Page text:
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Do not make America a land run for the benefit of property developers

The retirement of a Supreme Court justice is always big news in the USA. Coming on the heels of a ruling which made big business developers grasping municipalities across the United States rub their hands together with glee, it is vital that the mindset which produced one of the most monstrous anti-liberty trends in America today not be reinforced with yet another ultra-statist. To her credit, although Sandra Day O’Connor was neither a darling of the right nor consistently supporting of civil liberties, she did dissent quite strongly from the monstrous Kelo verdict.

Perhaps now that more people are seeing past the simplistic left/right divide on the issue of eminent domain abuse, the importance of insisting on a judge who does revolt at the very idea of such a predator’s charter should become the main focus not just for George W. Bush but people of any party who think that being secure in your property is one of the very lynchpins of a free society.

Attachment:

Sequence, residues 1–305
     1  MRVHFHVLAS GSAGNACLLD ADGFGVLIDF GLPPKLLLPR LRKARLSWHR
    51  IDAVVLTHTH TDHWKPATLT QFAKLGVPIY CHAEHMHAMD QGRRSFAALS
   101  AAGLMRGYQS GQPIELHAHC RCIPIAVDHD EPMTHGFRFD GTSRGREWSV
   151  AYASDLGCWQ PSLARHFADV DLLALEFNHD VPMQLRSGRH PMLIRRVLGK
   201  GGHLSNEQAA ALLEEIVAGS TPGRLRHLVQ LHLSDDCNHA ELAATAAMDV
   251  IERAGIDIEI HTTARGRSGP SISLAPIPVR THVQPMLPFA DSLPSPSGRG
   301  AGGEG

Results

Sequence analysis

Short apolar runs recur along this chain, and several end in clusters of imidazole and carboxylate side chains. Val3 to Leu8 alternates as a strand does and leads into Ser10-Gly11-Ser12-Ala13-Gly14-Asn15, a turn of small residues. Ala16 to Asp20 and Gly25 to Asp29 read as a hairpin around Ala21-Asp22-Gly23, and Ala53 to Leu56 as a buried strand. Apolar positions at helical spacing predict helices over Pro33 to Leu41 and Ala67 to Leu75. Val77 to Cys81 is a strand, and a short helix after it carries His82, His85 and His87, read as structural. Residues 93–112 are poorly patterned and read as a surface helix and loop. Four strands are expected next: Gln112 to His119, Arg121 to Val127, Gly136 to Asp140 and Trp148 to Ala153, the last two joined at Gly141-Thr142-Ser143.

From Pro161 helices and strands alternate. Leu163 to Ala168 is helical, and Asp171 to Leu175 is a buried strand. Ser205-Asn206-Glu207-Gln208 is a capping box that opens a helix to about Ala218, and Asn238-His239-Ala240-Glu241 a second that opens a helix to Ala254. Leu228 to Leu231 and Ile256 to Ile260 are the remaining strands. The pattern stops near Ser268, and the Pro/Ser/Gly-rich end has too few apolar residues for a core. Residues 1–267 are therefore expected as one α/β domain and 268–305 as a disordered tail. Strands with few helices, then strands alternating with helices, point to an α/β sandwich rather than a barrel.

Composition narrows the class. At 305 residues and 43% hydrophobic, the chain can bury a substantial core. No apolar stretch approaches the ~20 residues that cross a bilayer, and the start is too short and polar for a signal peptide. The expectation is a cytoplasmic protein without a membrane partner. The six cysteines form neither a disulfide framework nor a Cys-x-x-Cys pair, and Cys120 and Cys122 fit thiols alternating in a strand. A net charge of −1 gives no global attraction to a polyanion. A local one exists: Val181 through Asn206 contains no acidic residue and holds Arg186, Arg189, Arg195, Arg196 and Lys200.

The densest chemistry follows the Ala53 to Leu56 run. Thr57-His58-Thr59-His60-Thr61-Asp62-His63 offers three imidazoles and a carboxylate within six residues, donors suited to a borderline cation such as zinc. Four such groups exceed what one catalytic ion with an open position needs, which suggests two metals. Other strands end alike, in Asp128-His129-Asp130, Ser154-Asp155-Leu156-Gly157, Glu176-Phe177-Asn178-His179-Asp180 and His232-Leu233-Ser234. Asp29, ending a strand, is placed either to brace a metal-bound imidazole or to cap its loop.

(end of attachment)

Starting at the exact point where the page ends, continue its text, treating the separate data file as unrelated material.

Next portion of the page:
2 comments to Do not make America a land run for the benefit of property developers

  • It’s sad that the nomination of a Supreme Court justice should be such a big deal, because it testifies to how much power the SCOTUS and the “inferior” courts have accumulated. Worse, in enlarging their jurisdiction, they have construed the Constitution in ways that increase the power of the federal government over the rights of the states, and of both the federal government and the states over individuals. Examples include the severe restriction of the people’s Fifth Amendment rights, and an expansion of the concept of “public use,” in the Kelo case and many of its antecedents. Another favorite of the court is the Commerce Clause (in section 8), which has been stretched over a sick person’s backyard marijuana patch, legal under state law and never intended for sale within or outside the state, in Gonzales v. Raich.

    The stare decisis principle acts as a ratchet effect, so that no encroachment on the reserved rights under the Ninth and Tenth Amendments, or of those specifically enumerated rights in the constitution, can be rolled back. Instead, each becomes a base from which the next invasion can be launched.

    I have no idea how to go about it, but the judicial, congressional, and executive branches should all get a good pruning. Maybe it can start with the Supreme Court, which has been an instrument of governmental expansion & could potentially reverse the process.

  • JEM

    (Just to be perverse)

    And there was I thinking that America, since the arrival of the first settlers from Europe, has been a land run for property developers, by property develpers.

    (Ask the original native population what they think.)